Payment by mobile phones using Near Field Communication (NFC) technology is quick, easy and convenient. It has also completely failed to catch on with consumers in the developed world.
If there's one company that can rescue the concept from oblivion, it is Apple, but will it kill off NFC in the process?
"The biggest challenge around mobile payments is consumer adoption, not technology," Mark Carter, VP for Mobile Products at global payment provider Skrill told IBTimes UK.
"Apple has 600 million [payment] cards linked to iTunes accounts, making it by a long way the biggest wallet in the world. [Add] lower energy Bluetooth and AirDrop [to that] and they could enable merchants to accept payments via Apple devices in stores."
While rivals Samsung, Google, Nokia and HTC all rushed to embrace NFC technology as a new way for users to make contactless payments, Apple has kept the industry wondering for the past two years, with at least one analyst predicting that Apple would turn to Bluetooth Low Energy instead of NFC.
NFC enables smartphones and point-of-sale (POS) payment terminals to communicate at short range by being tapped together, using NFC tags and other small transmitters to send and receive information.
Bluetooth Low Energy, on the other hand, works in a similar way to NFC, but enables long-distance connections between devices up to 50 metres apart, so you no longer need a fixed payment terminal or checkout to complete a transaction.
Carter is not sure why consumers would want to turn away from using contactless debit and credit cards and start tapping with their phones.
"It's ironic that NFC is called contactless, but it's not. There are some clunky solutions around sticking NFC stickers on the back of iPhones, which Barclays tried. NFC doesn't sit within the iPhone, but Apple [is creating] an ecosystem for what they call 'NFC payments' that links with Bluetooth," Carter explained.
"NFC is a dumb technology – if you have three payment options in your mobile wallet and there's a problem with one of them, it won't try the second option, it will just say it's declined."
Having seen how the wind is blowing, with Apple having filed a patent for a new iWallet system that uses Wi-Fi, Bluetooth and NFC to make mobile payments, and just last month rolling out its new iBeacon Bluetooth Low Energy sensors in 254 of its US stores, Carter says that Skrill is banking on Bluetooth over NFC.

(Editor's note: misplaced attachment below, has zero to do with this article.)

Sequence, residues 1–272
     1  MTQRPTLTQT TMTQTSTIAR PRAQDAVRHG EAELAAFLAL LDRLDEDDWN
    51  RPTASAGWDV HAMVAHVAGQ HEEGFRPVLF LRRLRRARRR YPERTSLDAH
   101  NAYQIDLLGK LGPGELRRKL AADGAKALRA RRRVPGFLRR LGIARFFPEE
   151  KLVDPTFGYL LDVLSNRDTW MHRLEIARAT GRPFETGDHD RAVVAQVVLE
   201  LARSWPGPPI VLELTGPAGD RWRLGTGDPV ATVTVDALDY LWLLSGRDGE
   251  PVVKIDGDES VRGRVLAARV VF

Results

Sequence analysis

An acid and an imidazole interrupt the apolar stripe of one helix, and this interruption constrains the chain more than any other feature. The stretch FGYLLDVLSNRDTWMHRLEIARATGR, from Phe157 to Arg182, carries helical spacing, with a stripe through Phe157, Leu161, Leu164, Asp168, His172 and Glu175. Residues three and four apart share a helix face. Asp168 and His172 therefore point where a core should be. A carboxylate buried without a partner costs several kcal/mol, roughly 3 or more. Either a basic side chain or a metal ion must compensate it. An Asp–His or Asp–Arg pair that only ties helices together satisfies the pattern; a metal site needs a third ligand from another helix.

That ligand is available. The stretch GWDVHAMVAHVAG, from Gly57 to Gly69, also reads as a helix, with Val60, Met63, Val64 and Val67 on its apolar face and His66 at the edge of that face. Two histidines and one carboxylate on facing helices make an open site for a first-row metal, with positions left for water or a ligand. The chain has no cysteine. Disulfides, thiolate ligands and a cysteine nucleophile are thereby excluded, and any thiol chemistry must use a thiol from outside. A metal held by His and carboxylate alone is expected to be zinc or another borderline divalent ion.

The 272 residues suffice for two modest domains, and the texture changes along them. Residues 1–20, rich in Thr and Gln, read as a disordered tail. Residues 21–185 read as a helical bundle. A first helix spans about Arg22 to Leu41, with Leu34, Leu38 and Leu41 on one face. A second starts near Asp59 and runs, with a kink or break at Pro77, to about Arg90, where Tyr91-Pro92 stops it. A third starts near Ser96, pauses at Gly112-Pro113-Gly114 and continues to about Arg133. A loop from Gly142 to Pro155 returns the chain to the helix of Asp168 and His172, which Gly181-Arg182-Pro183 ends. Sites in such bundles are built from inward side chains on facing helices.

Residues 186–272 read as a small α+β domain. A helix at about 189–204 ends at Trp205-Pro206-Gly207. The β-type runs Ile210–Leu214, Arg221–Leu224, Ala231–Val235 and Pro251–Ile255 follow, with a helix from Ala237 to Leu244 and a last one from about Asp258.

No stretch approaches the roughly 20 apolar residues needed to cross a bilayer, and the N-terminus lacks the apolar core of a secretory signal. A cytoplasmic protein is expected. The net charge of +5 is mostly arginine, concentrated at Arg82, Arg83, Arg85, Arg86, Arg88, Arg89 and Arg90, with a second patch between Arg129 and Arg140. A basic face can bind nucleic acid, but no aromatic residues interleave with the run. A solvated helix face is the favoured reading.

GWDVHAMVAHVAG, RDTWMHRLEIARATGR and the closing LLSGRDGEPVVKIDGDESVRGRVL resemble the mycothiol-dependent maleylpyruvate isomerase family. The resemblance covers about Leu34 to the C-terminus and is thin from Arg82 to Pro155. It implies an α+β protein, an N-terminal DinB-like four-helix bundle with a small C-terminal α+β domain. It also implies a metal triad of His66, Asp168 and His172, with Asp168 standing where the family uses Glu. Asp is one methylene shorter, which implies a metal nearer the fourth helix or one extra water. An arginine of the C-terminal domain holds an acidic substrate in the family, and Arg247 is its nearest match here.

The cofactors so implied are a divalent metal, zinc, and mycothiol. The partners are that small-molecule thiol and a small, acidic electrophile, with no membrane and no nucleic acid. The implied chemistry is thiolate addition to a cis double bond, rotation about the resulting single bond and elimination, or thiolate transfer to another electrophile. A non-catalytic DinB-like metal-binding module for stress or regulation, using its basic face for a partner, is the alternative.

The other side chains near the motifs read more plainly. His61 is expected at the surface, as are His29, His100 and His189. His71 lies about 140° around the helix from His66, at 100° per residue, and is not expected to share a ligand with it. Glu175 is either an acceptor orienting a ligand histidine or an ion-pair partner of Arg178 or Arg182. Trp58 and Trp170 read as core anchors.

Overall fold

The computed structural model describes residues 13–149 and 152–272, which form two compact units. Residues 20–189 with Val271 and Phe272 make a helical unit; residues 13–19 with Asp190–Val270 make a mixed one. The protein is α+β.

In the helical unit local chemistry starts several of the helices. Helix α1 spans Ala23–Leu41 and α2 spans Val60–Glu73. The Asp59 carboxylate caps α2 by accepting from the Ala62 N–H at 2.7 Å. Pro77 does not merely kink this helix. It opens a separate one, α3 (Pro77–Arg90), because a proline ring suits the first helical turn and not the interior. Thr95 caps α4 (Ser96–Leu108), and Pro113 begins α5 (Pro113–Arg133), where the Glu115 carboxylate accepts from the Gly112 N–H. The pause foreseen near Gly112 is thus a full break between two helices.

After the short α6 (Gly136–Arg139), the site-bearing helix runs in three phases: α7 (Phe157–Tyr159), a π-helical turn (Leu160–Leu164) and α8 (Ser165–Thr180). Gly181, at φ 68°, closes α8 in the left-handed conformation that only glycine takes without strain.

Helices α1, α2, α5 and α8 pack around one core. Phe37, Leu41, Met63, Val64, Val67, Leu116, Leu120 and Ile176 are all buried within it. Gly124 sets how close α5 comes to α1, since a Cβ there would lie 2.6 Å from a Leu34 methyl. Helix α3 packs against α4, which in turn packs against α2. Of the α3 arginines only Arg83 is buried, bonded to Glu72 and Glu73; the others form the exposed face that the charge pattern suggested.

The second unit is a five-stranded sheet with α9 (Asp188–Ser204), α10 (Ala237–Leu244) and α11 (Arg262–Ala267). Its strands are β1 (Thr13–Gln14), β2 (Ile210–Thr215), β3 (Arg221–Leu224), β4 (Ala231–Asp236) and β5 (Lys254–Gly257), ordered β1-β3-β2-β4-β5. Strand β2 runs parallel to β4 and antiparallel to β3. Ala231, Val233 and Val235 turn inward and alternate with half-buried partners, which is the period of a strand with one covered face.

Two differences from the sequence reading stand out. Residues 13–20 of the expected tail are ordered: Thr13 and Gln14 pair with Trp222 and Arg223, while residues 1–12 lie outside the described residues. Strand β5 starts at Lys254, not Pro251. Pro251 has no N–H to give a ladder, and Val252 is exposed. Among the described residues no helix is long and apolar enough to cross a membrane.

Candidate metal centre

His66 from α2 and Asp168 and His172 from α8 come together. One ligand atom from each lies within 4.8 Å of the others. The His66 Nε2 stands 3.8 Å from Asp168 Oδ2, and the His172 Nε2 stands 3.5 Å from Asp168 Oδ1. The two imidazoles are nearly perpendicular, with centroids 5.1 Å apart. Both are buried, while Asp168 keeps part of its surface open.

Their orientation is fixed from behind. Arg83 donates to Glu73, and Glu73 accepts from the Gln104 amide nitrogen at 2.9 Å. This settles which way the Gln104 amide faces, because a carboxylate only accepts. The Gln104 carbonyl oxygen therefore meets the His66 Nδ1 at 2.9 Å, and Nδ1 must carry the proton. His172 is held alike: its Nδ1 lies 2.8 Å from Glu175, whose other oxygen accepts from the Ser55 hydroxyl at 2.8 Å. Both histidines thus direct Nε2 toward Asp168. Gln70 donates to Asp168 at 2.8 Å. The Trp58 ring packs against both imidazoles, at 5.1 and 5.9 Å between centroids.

Skrill has 35 million customers on its internet Wallet service, which is accepted by 150,000 merchants worldwide. Its new Skrill mobile wallet app has a combined total of 50,000 downloads on both iOS and Android.
"We're doing some work on Low Energy Bluetooth iBeacon technology because it's a smarter solution for consumers and merchants. One of the challenges with NFC is that it's a huge cost for merchants to implement the hardware [and] the iBeacon [hardware] is much cheaper than NFC, which would solve the consumer adoption problem," Carter said.
Carter sees NFC as too complex, since users need to tap a payment terminal, open an app and click some buttons to confirm before they can complete a transaction. Plus, there is no NFC chip in the iPhone.
What the iPhone does have is TouchID, a fingerprint sensor in the home button that unlocks the phone and verifies iTunes purchases, and Apple CEO Tim Cook is very excited about its potential for mobile payments.
"The mobile payments area in general is one we've been intrigued with. It was one of the thoughts behind Touch ID. We're seeing that people love being able to buy content, whether it's music or movies or books, from their iPhone, using Touch ID," Cook told analysts during an Apple earnings conference call on Monday.
"You can tell by looking at the demographics of our customers, and the amount of commerce that goes through iOS devices versus the competition, that it's a big opportunity on the platform."
Carter predicts that in the next 12 months, large retailers will start to deploy Low Energy Bluetooth solutions, which will drive adoption far faster than NFC.
"If you're looking for a company that can give a really smooth experience, Apple will likely get that right."